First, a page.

Daily Health Care News – 11/5/09
House expected to vote on health bill Saturday – Washington Post
House leaders put in motion the machinery to hold a rare Saturday vote on the most far-reaching expansion of the health-care system in more than 40 years.
The long-awaited Republican entry in the health care debate received its assessment late Wednesday from congressional budget analysts, who concluded that the proposal would barely dent the ranks of the uninsured.
Dems want to seize historic moment – Politico
Health care is big for House Democrats: big like Social Security in the ’30s and civil rights in the ’60s, big like the war stories retold now in party caucuses as lawmakers grapple with the floor vote that is just days away.
AP sources: Dem Health bill to get AARP backing – Washington Post
In a coup for House Democrats, AARP will endorse sweeping health care overhaul legislation headed for a history-making floor vote, officials told The Associated Press on Wednesday.
In a conference call Wednesday night with bloggers and activists for the advocacy group Americans for Prosperity, Rep. Michele Bachmann (R-Minn.) called on protesters to “scare” members of Congress into killing the proposed health care reform bill.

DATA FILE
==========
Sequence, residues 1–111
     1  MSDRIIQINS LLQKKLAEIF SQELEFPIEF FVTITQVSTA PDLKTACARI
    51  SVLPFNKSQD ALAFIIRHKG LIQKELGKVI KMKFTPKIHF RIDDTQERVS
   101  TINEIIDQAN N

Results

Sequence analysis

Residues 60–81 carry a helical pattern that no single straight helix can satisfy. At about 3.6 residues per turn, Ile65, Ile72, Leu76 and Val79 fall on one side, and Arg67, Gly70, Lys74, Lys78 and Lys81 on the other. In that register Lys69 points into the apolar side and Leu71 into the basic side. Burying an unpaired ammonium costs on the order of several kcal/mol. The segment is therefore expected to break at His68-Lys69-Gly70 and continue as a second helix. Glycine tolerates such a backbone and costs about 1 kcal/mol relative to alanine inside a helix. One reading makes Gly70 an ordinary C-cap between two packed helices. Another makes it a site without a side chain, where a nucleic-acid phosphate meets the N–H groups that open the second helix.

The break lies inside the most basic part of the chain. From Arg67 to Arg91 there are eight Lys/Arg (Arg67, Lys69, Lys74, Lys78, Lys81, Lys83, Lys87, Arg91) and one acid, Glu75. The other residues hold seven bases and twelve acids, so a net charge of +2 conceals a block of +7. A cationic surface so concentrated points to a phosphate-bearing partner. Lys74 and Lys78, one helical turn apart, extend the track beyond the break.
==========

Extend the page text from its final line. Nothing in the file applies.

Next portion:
The right-wing seniors’ group 60 Plus has put together a new ad opposing health care reform. Instead of providing seniors with the correct information that health care reform will benefit them and their families, 60 Plus chose to use scare tactics to inspire America’s seniors to fight progressive health care reform.
Countdown to Health Care: Crossing the Finish Line on the Public Option – Rep. Anthony Weiner
In just a few short weeks, the public option has moved from afterthought to center stage. This happened because the American people made their voices heard and overwhelmed the insurance companies and special interests.
Unhealthy America – Nicholas Kristof
The moment of truth for health care is at hand, and the distortion that perhaps gets the most traction is this:
GOP Plan: Even Worse Than You Are Hearing – Jon Cohn
From the moment the the Republican leadership released its alternative approach to health care reform, critics (including me) pointed out that it was unlikely to make a dent in the number of people without insurance. On Wednesday, the Congressional Budget Office came out with its preliminary estimates of what the bill will do. And, sure enough, the critics were right. Overall, ten years into implementation, the plan would not significantly change the number of people with health insurance. In all, 17 percent of the legal, non-elderly pouplation–or about 52 million children and working-age people–would still have no coverage.
Republicans are learning an unpleasant lesson this morning: The only thing worse than having no health-care reform plan is releasing a bad one, getting thrashed by CBO and making the House Democrats look good in comparison.
(compiled for Health Care for America Now)